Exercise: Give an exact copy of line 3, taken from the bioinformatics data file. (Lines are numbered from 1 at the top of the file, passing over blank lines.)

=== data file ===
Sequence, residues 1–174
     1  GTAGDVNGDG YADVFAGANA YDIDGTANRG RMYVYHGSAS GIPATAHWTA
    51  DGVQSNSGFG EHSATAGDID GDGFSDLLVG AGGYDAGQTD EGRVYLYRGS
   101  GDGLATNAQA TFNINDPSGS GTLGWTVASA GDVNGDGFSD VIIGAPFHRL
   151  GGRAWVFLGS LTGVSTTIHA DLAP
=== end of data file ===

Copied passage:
    51  DGVQSNSGFG EHSATAGDID GDGFSDLLVG AGGYDAGQTD EGRVYLYRGS